Egg sticks to an extremely thin layer of flour. The reason why it seems like the egg doesn’t stick to the flour is because there’s too much flour on your chicken. When dredging chicken in flour, it’s important to apply a very light coat and to vigourously shake off as much excess flour as possible. By ensuring that the chicken is as lightly, but completely, covered in a thin layer of flour as possible, you then ensure that as much egg can stick to as much surface of the chicken as possible.

The purpose of the egg is twofold: 1) it provides a sort of glue for the breadcrumbs to stick to, and 2) it provides moisture and protection for when you’re going to fry it. Foods that are frying have that characteristic, almost violent, bubbling because proper frying results in near-instantaneous boiling of water inside the target food. The water inside boils to create steam which tries to rush out of the food. This is good because it provides pressure against the oil which is trying to soak into your food. If your oil isn’t hot enough when you’re frying, the water inside the food won’t boil fast enough. Or, if you fry for too long and the food runs out of steam (literally), oil will soak into your food, which results in shamelessly greasy food. Since egg is made up of mostly water, the egg coating protects our food from getting too dry when it fries.

Finally, there is the breading. This is partially for protecting the chicken from the violently hot oil, but it is mostly there for texture and flavor. The breading (among other obvious things, such as seasoning) is what sets one piece of fried chicken apart from another one from a different recipe. For example, chicken coated in plain breadcrumbs can be very different from chicken coated in herbed, flavored breadcrumbs. These both can be very different from chicken coated in panko (Japanese style breadcrumbs, valued for their size and texture), crushed potato chips (whoo, trash cuisine!), or even crushed corn flakes (the breakfast cereal). Try different coatings and combinations and see which you like best!.

Cooking with Wine

Posted in Food experiments at home, General food knowledge, Home cooking and more with tags , , , on November 30, 2008 by restaurantouring


The late, great Julia Child proclaimed in the 1970s that you should never cook with a wine that you wouldn’t drink.  Her reasoning was that as the wine reduced in your food, flavors concentrated.  If the wine you cooked with had a good flavor, it would taste better as it reduced.  If the wine you cooked with had a bad flavor, the bad flavors would concentrate as the wine reduced.  Things seemed to make sense.

Of course, another aspect to this good wine / bad wine debate involves the tannins in wine, as well as general balance of flavor.  Thus, contrary to what Ms. Child advised, it may not be a bad idea to cook with cheap wine, either.  The idea is that as a good wine reduces, so do the tannins (besides the good flavors of the wine).  Too high a concentration of tannins and you potentially have bad tasting food on your hands, despite how nice the wine was that you used.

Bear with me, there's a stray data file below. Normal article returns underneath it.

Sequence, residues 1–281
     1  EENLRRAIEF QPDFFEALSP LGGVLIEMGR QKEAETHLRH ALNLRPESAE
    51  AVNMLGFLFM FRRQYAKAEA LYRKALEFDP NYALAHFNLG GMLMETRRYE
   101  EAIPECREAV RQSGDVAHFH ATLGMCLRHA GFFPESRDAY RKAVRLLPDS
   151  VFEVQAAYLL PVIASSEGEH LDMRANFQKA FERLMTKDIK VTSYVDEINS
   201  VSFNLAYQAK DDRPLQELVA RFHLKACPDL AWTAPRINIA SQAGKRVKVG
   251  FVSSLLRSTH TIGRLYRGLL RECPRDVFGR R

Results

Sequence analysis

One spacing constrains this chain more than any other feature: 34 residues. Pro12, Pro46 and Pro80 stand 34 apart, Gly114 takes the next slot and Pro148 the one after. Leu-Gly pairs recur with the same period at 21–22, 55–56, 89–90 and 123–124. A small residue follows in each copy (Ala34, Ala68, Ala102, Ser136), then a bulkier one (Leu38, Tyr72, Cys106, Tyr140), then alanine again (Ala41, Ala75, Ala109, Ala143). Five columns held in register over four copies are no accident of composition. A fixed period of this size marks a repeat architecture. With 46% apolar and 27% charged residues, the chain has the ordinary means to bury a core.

On the other hand, if you used a cheap wine, the flavors could potentially get better as things reduced and reached a better balance of flavors and tannins.  This has the added benefit of the fact that if you screw up the dish, at least you’re not wasting all that good wine for bad tasting food.

This all seems to make sense, despite the two schools of thought being at odds with each other.  So which camp should you choose to side with?

I say drink the good stuff and cook with the cheap stuff.  Not just because I’m poor (low level government employees/chumps like me don’t make a lot of money, despite the corruption that is the whole of New Jersey).  Note that I did not say that you should cook with bad wine.  Bad wine is bad wine, no matter how you look at it.  Not much can be done to improve a bad wine.  But there are plenty of cheap wines out there that don’t taste too bad after some cooking — especially if you’re cooking something already heavily flavored with it, like a well-seasoned beef stew or braise.

Likewise, there are plenty of good-tasting wines out there which you could potentially ruin by cooking it.  Besides, if it’s the good stuff, wouldn’t you want to drink as much of it as possible?  That way, you’re getting the pure flavor of the wine, without having all the tastiness get masked up by your food.  Flavorful dishes, like red wine braised short ribs, can hide the more subtle qualities of a good wine more than other foods cooked with wine, so it seems like there is tremendous potential for tremendous waste here.  If you want to cook with wine, I say you’re better off finding something less expensive with a similar flavor profile.